Tuition costs are based on undergraduate students' residency status. Other expenses vary based on students' personal choices regarding lifestyle, course of study, purchase and resale of books, entertainment, and travel. For recent tuition and fee listings, visit: http://oregonstate.edu/fa/businessaffairs/student/tuition-and-fees.

To change or declare a major or minor, students must complete a Major/Minor Change Form. These forms are available at your student's college/program advising offices, at the Registrar's windows, and on the Web. It is essential for students to keep this information up-to-date.

The best way is to regularly keep in touch with your student. Ask how he or she is doing. Ask what specifically is going well and what challenges they are experiencing. If you're concerned about your student, feel free to contact his/her academic advisor, Resident Director (RD), Counseling and Psychological Services (CAPS), or the Dean of Students. While these offices may not be able to give you specific information about your student, they can provide general information and may do outreach to your student if issues warrent such action. 

FERPA stands for the Family Educational Rights and Privacy Act of 1974. This legislation protects the privacy of your student records and regulates how information is utilized. Release of student records at Oregon State University is bound by the federal law (FERPA), the Oregon Revised Statutes, and by the Oregon Administrative Rules. If you would like to work with your students to gain access to their student records, please reading the following Guidelines for the Release of Information.

If you have a question that is not answered here, please feel free to e-mail newstudents@oregonstate.edu, the office of New Student Programs & Family Outreach.

Career Services offers the On-Campus Recruiting Program, which brings more employers to recruit at OSU than any other school in the state of Oregon. They can also facilitate a search for an internship or cooperative education experience, which allows students to work in a career field of interest while still in school. Career Services can also offer career guidance and planning through individual appointments with advisors.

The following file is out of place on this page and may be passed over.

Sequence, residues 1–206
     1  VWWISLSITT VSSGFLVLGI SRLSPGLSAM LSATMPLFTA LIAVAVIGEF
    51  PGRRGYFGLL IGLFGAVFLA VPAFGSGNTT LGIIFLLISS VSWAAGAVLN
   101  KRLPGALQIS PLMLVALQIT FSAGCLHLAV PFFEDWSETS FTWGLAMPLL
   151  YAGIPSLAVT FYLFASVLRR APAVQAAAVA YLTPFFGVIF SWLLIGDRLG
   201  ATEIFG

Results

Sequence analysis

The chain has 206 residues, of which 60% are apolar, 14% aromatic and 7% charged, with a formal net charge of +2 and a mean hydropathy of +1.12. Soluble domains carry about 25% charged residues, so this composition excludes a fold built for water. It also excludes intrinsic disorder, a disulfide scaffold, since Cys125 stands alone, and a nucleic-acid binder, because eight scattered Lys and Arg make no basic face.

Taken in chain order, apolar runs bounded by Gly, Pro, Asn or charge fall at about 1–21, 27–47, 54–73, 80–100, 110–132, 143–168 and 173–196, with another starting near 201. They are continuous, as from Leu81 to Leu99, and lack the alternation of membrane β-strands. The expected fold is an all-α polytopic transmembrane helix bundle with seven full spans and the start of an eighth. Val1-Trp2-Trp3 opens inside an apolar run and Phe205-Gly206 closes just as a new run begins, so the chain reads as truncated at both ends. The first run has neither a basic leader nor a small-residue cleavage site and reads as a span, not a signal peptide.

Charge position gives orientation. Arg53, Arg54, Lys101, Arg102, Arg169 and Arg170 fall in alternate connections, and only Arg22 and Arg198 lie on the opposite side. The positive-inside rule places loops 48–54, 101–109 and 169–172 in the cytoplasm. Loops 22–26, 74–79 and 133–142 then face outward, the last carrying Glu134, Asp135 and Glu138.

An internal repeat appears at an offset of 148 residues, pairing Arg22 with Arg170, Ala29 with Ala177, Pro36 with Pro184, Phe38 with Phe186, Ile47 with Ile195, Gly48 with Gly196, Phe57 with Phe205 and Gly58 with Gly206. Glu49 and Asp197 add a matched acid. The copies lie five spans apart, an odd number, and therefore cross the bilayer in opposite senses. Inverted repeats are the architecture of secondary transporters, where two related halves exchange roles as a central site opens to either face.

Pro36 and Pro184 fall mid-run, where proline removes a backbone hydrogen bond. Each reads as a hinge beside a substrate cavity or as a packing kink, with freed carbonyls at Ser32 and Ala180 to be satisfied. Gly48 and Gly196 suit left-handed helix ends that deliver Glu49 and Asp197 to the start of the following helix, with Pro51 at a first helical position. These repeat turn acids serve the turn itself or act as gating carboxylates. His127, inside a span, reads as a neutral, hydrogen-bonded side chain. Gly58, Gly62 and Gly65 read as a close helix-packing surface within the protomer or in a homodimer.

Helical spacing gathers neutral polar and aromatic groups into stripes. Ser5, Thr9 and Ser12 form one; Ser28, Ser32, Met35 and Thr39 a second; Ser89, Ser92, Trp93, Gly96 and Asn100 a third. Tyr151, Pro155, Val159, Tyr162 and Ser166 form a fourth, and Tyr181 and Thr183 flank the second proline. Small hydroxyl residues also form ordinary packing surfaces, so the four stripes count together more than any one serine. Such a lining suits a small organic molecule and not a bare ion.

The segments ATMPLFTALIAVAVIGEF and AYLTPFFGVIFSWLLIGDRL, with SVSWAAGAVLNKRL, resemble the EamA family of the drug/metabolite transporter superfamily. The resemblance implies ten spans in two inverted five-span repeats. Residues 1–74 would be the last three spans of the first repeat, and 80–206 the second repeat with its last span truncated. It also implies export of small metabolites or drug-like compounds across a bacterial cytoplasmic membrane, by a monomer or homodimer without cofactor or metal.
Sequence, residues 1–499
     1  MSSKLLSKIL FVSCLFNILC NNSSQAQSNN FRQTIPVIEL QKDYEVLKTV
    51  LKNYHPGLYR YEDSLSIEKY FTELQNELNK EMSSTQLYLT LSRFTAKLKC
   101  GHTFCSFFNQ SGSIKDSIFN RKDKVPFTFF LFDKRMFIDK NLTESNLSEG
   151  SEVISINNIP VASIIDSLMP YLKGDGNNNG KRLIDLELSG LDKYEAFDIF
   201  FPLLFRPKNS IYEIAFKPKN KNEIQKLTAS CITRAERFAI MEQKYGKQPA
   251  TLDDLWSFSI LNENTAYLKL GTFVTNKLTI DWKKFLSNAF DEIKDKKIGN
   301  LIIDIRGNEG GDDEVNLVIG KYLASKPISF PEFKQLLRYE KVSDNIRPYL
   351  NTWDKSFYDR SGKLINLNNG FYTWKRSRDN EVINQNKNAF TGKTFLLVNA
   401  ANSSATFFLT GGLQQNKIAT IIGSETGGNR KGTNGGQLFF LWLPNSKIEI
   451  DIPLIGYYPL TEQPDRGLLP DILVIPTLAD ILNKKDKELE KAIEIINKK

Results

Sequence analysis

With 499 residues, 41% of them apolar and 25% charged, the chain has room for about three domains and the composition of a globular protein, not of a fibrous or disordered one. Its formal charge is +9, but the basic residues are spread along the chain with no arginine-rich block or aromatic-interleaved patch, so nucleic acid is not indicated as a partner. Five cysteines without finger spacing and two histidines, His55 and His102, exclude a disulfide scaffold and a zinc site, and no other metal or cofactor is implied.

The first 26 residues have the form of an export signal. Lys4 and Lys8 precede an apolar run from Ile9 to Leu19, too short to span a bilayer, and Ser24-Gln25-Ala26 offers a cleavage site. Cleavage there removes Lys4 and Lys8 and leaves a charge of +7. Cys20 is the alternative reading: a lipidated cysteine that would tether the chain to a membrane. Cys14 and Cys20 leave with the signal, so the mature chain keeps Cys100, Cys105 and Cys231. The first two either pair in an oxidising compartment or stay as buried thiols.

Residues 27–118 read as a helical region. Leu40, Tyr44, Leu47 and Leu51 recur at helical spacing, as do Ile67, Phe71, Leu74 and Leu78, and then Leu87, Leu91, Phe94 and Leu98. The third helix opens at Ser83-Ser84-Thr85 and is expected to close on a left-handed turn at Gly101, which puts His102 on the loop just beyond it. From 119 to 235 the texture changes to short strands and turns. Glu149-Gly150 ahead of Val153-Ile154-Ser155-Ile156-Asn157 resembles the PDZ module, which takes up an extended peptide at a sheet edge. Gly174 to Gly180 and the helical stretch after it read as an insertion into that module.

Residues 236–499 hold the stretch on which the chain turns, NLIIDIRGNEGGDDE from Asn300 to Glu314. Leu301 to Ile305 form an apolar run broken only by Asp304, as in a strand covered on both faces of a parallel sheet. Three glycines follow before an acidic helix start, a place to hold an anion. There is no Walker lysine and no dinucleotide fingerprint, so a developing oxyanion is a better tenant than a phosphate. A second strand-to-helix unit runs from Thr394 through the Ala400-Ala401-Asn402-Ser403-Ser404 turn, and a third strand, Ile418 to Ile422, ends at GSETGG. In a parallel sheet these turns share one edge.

As of Fall 2013, all first-year, first-term students are required to live on-campus. Research shows that living in a residence hall or cooperative house can help students stay in college and graduate. Specifically, the first year students who live in the residence halls or cooperatives are more likely to have a higher GPA and be retained at OSU at a higher rate than those who live off campus. OSU staff understands that in some instances, some students may need to petition for a qualifying exemption. Exceptions to the live-on requirement will only be considered after a student completes the UHDS housing application.

Upper-division or transfer students have additonal living options to those described above. On campus, Halsell Hall, is which is not available to first-year students and allows for gender inclusive/apartment-style assignments. Off campus options include the privately-managed hall called The Gem and local apartments and houses.

The residence halls with meals range from $6,500 (double room, smallest meal plan)-$8,874 (double room, largest meal plan) per year. The cost of living in a cooperative house is about $4,350 per year.

For more information about residence halls, dining, and cooperatives contact University Housing and Dining Services. For sororities and fraternities contact the Center for Fraternity and Sorority Life.

It is great to have a friend there for support and to share the experiences of college living, but it is important for your student to consider whether or not his/her friend is messy, or has different sleeping or study habits before deciding to share a room. Rooming with someone else also has the advantage of making new friends and gaining different experiences.

If your student is looking for work, many OSU departments and offices have hourly student employment opportunities. These jobs are often great ways for students to earn money, build leadership skills and gain job experience all while staying on-campus. Students can look at available jobs through Career Development Center and have their resume/cover letter/job application reviewed in their office. If your student is on work-study, check with the Financial Aid office about their specific package and what it will mean for their job search. Off-campus jobs can also be found through the Corvallis Gazette-Times, Daily Barometer, and other various classified ads.

This all depends on your student and you and the expectations you both have for frequency of communication. Some students feel the need to visit home a lot and others don't. It is important to be supportive of your students and allow them to gain some independence which often comes with time periods of less communication. It is helpful in avoiding misunderstandings by discussing with your student how often they will call/text/email and/or visit home.

It is possible for students to graduate in four years. The time it takes to graduate depends on course load, whether or not a student changes his/her major, and the major program. Most students can graduate in four years if they take an average of 15 credits per term. College advisors help students to keep on track for graduation.

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